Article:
van Amerongen Lab - Developmental, Stem Cell & Cancer Biology

- Swammerdam Institute for Life Sciences - University of Amsterdam -  


Our lab uses a variety of experimental approaches, ranging from CRISPR/Cas9 (epi)genome editing in 2D cell culture to primary 3D organoid cultures and in vivo models to study how Wnt proteins control cell fate decisions in complex mammalian tissues.
This experimental pipeline allows us to study Wnt signaling in early development and mammary gland biology at multiple scales or, put differently, "from man our mouse to molecule".

All projects in the lab revolve around the following three themes:

(i) Mechanisms of Wnt signal transduction
(ii) Translating basic principles of development to (breast) cancer research
(iii) Building new models for tissue morphogenesis and maintenance

Mechanisms of Wnt signal transduction

One of the most fascinating aspects of Wnt signaling, is the fact that the 19 different Wnt genes are expressed in highly specific and dynamic spatiotemporal patterns. However, virtually nothing is known about the molecular mechanisms that control these dynamic yet robust patterns. Therefore, we are dissecting the (epi)genetic control mechanisms underlying tissue-specific Wnt gene regulation at the chromatin level, using state-of-the art tools.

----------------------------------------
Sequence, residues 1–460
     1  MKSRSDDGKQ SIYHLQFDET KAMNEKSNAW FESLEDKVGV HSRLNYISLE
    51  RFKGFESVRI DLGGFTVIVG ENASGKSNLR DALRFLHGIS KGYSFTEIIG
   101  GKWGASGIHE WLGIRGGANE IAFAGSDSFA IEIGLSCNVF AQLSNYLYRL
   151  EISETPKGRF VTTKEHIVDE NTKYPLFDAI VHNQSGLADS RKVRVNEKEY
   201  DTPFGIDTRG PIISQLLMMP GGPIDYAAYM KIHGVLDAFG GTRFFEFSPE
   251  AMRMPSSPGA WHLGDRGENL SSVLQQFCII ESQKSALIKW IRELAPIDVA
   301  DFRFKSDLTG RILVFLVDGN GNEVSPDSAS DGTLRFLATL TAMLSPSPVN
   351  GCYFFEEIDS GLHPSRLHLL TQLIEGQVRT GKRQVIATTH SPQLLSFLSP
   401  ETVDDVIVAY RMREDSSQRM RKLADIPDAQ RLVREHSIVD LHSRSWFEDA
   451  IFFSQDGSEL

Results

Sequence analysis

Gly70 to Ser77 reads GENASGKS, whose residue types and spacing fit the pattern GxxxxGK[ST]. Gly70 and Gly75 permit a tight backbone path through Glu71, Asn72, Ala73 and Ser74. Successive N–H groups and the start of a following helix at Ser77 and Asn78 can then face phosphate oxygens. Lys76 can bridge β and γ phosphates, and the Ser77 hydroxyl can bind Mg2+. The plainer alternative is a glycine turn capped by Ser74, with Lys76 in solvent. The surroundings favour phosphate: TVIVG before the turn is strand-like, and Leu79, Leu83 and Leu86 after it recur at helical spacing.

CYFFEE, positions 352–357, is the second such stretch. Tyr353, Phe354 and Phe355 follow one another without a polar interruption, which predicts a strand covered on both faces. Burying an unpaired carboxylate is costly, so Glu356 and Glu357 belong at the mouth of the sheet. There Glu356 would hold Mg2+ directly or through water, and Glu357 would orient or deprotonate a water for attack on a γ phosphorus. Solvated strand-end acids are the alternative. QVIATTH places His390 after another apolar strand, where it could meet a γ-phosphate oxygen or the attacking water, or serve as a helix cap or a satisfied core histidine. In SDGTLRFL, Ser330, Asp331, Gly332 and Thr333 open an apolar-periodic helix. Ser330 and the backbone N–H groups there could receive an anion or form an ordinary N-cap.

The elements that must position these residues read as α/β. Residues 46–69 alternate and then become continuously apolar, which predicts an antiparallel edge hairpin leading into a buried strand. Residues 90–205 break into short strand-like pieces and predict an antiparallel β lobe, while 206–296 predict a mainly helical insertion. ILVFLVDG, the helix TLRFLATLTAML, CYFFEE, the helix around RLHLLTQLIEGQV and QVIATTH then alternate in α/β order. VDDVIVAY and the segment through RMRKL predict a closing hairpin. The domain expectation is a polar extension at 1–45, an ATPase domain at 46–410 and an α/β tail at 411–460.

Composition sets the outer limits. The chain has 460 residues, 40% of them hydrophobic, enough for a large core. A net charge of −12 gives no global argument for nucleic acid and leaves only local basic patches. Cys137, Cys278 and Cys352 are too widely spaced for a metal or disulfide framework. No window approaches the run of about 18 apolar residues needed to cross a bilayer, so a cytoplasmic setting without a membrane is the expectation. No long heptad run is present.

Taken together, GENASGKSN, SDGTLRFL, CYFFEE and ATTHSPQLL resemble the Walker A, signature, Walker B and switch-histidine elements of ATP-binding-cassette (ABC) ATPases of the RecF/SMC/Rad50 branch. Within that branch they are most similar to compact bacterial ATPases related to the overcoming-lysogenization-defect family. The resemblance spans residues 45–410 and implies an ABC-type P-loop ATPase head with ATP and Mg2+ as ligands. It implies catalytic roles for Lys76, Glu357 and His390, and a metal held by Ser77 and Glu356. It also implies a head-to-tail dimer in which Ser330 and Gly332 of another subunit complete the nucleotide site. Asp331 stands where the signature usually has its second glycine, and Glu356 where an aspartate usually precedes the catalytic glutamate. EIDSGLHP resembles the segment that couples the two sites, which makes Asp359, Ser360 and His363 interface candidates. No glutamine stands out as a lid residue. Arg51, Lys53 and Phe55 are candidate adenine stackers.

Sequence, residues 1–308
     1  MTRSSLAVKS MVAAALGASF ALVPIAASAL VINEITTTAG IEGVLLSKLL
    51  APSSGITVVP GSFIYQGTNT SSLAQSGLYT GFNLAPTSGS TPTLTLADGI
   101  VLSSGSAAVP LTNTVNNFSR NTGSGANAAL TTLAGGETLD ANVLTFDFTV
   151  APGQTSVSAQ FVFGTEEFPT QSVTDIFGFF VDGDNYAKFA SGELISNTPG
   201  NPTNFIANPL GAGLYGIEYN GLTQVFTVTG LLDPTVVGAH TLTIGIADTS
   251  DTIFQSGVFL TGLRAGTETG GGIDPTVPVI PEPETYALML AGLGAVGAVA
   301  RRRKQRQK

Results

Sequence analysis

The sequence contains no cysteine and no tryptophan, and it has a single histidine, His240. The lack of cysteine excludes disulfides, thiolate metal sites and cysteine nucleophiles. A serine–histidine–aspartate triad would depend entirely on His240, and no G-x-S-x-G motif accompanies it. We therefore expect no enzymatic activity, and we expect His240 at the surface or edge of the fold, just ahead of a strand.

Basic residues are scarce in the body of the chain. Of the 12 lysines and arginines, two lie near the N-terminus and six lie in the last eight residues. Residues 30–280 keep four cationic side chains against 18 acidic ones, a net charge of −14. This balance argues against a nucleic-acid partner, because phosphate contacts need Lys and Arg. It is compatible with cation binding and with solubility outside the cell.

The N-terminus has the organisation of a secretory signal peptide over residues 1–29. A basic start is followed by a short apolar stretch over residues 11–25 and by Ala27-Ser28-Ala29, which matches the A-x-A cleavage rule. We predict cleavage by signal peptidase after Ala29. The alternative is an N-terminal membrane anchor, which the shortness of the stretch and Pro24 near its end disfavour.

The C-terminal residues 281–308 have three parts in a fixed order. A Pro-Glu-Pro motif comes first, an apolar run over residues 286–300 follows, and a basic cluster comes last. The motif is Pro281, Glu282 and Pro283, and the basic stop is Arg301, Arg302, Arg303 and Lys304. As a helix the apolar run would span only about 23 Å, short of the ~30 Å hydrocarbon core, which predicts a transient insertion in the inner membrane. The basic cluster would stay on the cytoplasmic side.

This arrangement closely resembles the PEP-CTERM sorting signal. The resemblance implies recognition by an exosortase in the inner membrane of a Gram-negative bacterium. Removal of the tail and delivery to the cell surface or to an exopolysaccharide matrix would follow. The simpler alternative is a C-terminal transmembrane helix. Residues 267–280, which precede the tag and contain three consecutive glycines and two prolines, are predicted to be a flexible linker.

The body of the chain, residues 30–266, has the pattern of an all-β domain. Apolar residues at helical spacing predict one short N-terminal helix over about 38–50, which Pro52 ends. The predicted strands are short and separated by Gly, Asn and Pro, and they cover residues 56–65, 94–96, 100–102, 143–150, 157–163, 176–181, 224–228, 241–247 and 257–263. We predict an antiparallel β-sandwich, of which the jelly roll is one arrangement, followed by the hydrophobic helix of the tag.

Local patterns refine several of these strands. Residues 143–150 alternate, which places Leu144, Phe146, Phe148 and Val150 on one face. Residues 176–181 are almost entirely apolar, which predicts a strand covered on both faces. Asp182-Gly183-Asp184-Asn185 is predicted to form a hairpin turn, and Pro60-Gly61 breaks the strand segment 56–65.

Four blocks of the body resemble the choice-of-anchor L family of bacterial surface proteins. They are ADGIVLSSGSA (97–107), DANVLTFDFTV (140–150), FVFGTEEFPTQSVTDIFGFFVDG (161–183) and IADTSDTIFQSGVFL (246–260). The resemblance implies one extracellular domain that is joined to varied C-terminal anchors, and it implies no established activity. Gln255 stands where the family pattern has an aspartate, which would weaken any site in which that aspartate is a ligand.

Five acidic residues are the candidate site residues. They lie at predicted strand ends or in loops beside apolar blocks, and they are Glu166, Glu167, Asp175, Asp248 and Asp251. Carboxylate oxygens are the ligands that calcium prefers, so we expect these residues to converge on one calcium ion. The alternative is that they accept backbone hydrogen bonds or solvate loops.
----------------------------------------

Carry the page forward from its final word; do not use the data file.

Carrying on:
This line of research was established using the NWO VIDI grant that was awarded to Renée in 2014.

Because Wnt signaling is characterized by complex and dynamic intracellular signaling events, we have extended our experimental pipeline with functional imaging studies to gain insight into the spatiotemporal dynamics of the pathway. To this end, we combine novel DNA technologies, such as CRISPR/Cas9 genome editing, with advanced microscopy (past and ongoing collaborations with Mark Hink and Marten Postma at the UvA).
This line of research was initially set up using the MacGillavry start-up funds awarded to Renée in 2013 and has received follow up funding from NWO (2019).

Ultimately, different cell types activate different gene expression patterns once the Wnt signal has been propagated to the nucleus, resulting in tissue-specific interpretation of the response. To understand how these tissue-specific CTNNB1/TCF target gene programs are controlled, we integrate experimental and bioinformatics approaches to dissect the governing principles and tissue-specific aspects.
This line of research was started using the KWF career development award that Renée received in 2013.

Translating basic principles of development to (breast) cancer research

The mammary gland is a remarkably dynamic tissue. It undergoes rapid outgrowth and branching morphogenesis during puberty, side branching under the influence of cycling hormone levels, and massive proliferative expansion during pregnancy. Once lactation ceases, the mammary epithelium undergoes complete remodeling to restore the non-pregnancy state. Owing to the presence of stem cells, which have the capacity for both self-renewal and differentiation, this cycle of expansion and regression can continue to repeat itself throughout the reproductive lifespan of an organism.